What Effect Does Speed Limit Have on Motor Vehicle Accidents?
Posted in Car accidents on November 13, 2018
Speed limits have gradually increased all across the country for many reasons. There are more cars on the road than ever before and streamlining traffic flow is important in many areas of the country that struggle with severe commuting traffic congestion. Moving vehicles through congested areas more quickly seems like a logical answer to the congestion problem. Modern cars are safer than older models that do not have the same safety and navigation features. However, statistics from the Insurance Institute for Highway Safety (IIHS) indicate that increasing speed limits may be causing more traffic-related deaths than initially expected.
Higher Speeds Are Inherently More Dangerous
Maximum speed limits have been increasing across the country since 1995. This follows years of government restriction under the National Maximum Speed Limit law of 1973, which set the maximum speed limit in the country at 55 mph. Originally, Congress passed this law in light of fuel scarcity concerns, and one of the unexpected outcomes was a marked decrease in traffic fatalities. However, Congress relaxed this law in 1987 and increased the maximum speed limit to 65 mph and then completely repealed the law in 1995. Today, there are six states that have maximum speed limits of 80 mph. Texas drivers may even travel at 85 mph on some roads.
Unfortunately, the logic behind raising the speed limit in some areas is the belief that drivers are exceeding the speed limit anyway, so raising it simply brings the law up to speed with reality. However, drivers generally exceed speed limits anyway, so raising speed limits simply leads to drivers going even faster. A long-term study of speed increases reported that for every 5 mph increase, traffic fatalities increased by 4%. Over 20 years, this means speed increases resulted in about 33,000 traffic fatalities in the United States.
According to the National Highway Traffic Safety Administration (NHTSA), speeding accounted for 27% of all traffic fatalities in 2016, for a total of 10,111 speeding-related deaths. When states increase speed limits, they do not reduce the number of car accidents or moving violations.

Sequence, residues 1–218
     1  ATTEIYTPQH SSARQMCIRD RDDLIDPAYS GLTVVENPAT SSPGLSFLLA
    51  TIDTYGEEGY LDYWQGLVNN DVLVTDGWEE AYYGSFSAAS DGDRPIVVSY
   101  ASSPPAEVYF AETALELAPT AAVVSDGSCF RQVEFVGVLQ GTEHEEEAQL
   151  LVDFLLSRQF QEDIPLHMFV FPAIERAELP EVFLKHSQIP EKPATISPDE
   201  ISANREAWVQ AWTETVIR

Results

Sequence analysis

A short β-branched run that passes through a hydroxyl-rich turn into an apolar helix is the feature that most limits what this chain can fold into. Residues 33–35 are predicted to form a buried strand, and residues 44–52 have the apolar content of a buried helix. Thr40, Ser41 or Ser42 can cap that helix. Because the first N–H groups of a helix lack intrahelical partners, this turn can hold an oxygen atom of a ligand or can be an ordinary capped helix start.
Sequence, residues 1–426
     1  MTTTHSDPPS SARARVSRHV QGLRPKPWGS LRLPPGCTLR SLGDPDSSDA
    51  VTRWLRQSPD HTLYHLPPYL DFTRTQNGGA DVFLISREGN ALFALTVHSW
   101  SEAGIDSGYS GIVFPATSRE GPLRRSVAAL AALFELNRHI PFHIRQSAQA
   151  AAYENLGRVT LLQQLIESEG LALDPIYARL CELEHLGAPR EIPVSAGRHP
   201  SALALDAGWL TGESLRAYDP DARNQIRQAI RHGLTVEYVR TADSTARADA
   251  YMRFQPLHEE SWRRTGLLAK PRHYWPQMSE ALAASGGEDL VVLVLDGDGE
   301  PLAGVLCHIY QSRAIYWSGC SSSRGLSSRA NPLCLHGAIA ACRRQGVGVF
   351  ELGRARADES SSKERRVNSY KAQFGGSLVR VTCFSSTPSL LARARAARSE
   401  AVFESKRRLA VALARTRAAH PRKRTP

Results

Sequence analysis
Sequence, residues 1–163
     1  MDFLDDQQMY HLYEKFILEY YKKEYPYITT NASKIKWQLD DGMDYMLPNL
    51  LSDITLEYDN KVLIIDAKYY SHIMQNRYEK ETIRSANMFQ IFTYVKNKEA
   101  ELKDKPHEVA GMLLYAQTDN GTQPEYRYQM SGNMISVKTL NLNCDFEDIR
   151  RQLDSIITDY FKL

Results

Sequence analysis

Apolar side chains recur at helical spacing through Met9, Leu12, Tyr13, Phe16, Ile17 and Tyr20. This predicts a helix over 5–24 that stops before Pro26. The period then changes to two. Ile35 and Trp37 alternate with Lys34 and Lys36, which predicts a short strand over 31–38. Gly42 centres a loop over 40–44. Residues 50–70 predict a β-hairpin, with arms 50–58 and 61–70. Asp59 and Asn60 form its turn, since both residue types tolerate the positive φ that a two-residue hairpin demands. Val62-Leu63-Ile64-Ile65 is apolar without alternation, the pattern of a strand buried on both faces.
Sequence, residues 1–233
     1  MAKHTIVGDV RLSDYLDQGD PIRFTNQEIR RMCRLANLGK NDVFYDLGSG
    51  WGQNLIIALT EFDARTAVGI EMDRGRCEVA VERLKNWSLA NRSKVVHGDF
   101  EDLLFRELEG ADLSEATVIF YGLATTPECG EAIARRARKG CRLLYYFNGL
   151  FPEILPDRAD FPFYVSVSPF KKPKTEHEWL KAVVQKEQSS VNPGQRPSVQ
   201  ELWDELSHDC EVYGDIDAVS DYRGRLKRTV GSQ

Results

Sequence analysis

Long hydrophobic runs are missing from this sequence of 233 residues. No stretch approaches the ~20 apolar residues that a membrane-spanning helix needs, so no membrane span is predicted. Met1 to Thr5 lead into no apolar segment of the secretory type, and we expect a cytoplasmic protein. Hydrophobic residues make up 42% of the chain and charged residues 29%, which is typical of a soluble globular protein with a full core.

Why Is Speeding So Dangerous?
There are several reasons speeding is incredibly dangerous. Primarily, it’s much easier for a driver to lose control of a vehicle at higher speeds. A driver may not have enough time or space to come to a stop and avoid an accident at high speed, and other drivers nearby may not expect another driver to be excessively speeding.
Built-in vehicle safety features may not function as effectively in high-speed crashes as well. Many modern vehicles feature robust air bag deployment systems, but manufacturers develop these features using average estimated speeds in mind. For example, since the maximum speed limit in the country is 85 mph in Texas, a vehicle manufacturer may test to ensure their airbags function correctly at up to 95 mph to provide a moderate buffer for efficacy. A driver who causes an accident at 100 mph or faster may not be able to rely on vehicle safety features as much as they could at lower speeds.
There is a certain detachment that occurs while driving that can make it difficult for some to acknowledge the effects of their driving on others on the road. Some drivers are more inclined to engage in dangerous maneuvers, such as speeding or quick lane changes, because they are anonymous to the other drivers on the road, and vice versa.
Ultimately, every state sets a maximum speed limit based on perceived traffic needs, but speed limit increases almost always lead to higher fatal accident rates. It’s crucial for all drivers to appreciate the dangers of speeding and abide by posted speed limits at all times.